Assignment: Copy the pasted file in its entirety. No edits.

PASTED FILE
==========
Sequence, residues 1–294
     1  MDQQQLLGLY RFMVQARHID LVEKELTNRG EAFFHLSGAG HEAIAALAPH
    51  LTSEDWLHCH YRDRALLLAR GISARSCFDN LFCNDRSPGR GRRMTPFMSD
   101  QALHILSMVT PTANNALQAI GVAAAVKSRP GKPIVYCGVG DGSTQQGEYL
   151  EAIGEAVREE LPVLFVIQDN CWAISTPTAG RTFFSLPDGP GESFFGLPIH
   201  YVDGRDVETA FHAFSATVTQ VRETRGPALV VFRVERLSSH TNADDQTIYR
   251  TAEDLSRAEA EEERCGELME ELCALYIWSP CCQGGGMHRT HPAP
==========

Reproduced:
Sequence, residues 1–294
     1  MDQQQLLGLY RFMVQARHID LVEKELTNRG EAFFHLSGAG HEAIAALAPH
    51  LTSEDWLHCH YRDRALLLAR GISARSCFDN LFCNDRSPGR GRRMTPFMSD
   101  QALHILSMVT PTANNALQAI GVAAAVKSRP GKPIVYCGVG DGSTQQGEYL
   151  EAIGEAVREE LPVLFVIQDN CWAISTPTAG RTFFSLPDGP GESFFGLPIH
   201  YVDGRDVETA FHAFSATVTQ VRETRGPALV VFRVERLSSH TNADDQTIYR
   251  TAEDLSRAEA EEERCGELME ELCALYIWSP CCQGGGMHRT HPAP